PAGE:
The People Vs. Larry Flynt: A Smut Peddler’s Triumph

YOU MAY NOT LIKE WHAT HE DOES, BUT ARE YOU PREPARED TO GIVE UP HIS RIGHT TO DO IT?

The war on pornography is reignited now and then, usually by people with a poor understanding of the democratic values that guarantee pornography’s right to exist. Regardless if they’re religious right-wingers or misguided feminists, they attack a phenomenon that is protected by freedom-of-speech laws. That doesn’t mean we can’t talk about the damaging influence porn can have on teenagers, or the conditions under which people are working in the business.

But it’s pretty amazing that it was up to a proud smut peddler like Larry Flynt to drive home what really matters in the debate on porn.

In the early 1970s, Larry Flynt (Woody Harrelson) is running a strip club in Cincinnati when he comes up with the idea of publishing a newsletter. Calling it ”Hustler”, it has nude photos of the strippers working at the club. Hustler soon develops into a regular magazine and becomes a competitor to Playboy, offering more eyebrow-raising material. As Hustler takes off and becomes a national success, Flynt makes a fortune. Always by his side is Althea (Courtney Love), one of the strippers from the club that Flynt fell in love with. He constantly clashes with anti-pornography activists who have powerful friends among conservative politicians, and the court cases pile up. Flynt finds a fighter in young attorney Alan Isaacman (Edward Norton), but as Ronald Reagan wins the presidency, an increasingly drug-addicted Flynt becomes more reckless…

Forman’s last great movie
Director Milos Forman’s last great movie is familiar to his fans. It’s not the first time he has portrayed a troublesome, noisy rebel, this time finding him in a publishing tycoon who fought stubbornly for the right not to have great taste. Larry Flynt is one of the most colorful people in the history of American publishing and the film explores both his personal life and what he achieved as a businessman and First Amendment icon.

We see Flynt struggle after the attempted assassination in 1978 that left him in a wheelchair for the rest of his life. We see him finding God through Ruth Carter, the sister of the U.S. President, which leads to a huge conflict with his free-spirited wife Althea. And we see him take on the mighty hypocrite Jerry Falwell (Richard Paul), a pastor who co-founded the Moral Majority and thought he could take down Flynt by suing him because of a caricature in Hustler. That led to a landmark Supreme Court ruling in 1988 in favor of freedom of speech, which also becomes the climax of this film (although it doesn’t mention that Flynt and Falwell actually became friends later on). Forman keeps the story fun and lively, never losing our attention; there’s a lot going on but it doesn’t feel too hurried. It’s quite an accomplishment also by the two screenwriters. Over the years, Scott Alexander and Larry Karaszewski have made real-life stories a specialty. Their breakthrough was Ed Wood (1994) and they collaborated with Forman again on Man on the Moon (1999). They know how to turn newspaper headlines into touching and darkly humorous stories.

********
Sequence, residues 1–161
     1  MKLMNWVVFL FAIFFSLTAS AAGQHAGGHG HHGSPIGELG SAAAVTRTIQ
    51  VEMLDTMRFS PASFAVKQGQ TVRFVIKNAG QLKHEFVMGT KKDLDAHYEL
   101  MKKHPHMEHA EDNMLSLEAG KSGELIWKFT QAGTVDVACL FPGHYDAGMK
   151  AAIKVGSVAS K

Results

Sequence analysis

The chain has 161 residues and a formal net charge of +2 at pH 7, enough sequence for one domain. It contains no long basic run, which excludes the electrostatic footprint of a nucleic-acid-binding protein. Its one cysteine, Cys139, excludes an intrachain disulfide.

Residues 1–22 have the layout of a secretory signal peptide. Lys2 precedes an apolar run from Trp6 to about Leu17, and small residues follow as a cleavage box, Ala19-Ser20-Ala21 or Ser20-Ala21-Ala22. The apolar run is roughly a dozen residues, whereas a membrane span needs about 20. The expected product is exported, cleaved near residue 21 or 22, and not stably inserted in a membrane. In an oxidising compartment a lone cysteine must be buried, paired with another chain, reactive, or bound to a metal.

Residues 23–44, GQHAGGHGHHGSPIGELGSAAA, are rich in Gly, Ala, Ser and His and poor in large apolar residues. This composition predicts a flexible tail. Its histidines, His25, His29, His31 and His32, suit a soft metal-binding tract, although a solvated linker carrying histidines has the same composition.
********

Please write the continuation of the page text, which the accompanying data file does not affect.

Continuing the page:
In The People Vs. Larry Flynt, the cast is amazing, with Harrelson in one of his greatest performances, going off the rails in a compelling manner as Flynt loses it during the 1980s. Paul is very amusing as Falwell – and looks exactly like him. There’s subtle comedy in his effort.

The real revelation in the cast though is Courtney Love, the punk and grunge singer who gave everything as Althea, sinking into a far worse drug addiction than her husband. An outrageous and tragic performance. 

The People Vs. Larry Flynt 1996-U.S. 127 min. Color. Widescreen. Produced by Michael Hausman, Oliver Stone, Janet Yang. Directed by Milos Forman. Screenplay: Scott Alexander, Larry Karaszewski. Cinematography: Philippe Rousselot. Cast: Woody Harrelson (Larry Flynt), Courtney Love (Althea Leasure), Edward Norton (Alan Isaacman), Brett Harrelson, Donna Hanover, James Cromwell… Crispin Glover, James Carville, Oliver Reed, Norm Macdonald. Cameo: Larry Flynt.

Trivia: Bill Murray was reportedly considered for the lead role.  Flynt’s brother is played by Harrelson’s brother Brett.

Golden Globes: Best Director, Screenplay. Berlin: Golden Bear.

Last word: “[I went to see Flynt] because I wanted to use his building, his office. So with great trepidation I went to see him. He went through the script page by page, saying, ‘Well, this didn’t happen in March, it was in the fall, and my mother wasn’t really in this scene, just my father, and this scene actually happened in Cincinnati,’ details like that. And I looked at him and I said, ‘Larry, there are a lot of unflattering things about you in the script. I hope you don’t mind, because I want your collaboration.’ He said, ‘Of course I mind. But it’s true, so what can I do?’ That’s a great attitude. On one side, he’s a very creepy guy, but on the other side he’s a completely straightforward, honest guy.” (Forman, DGA)

 

IMDb

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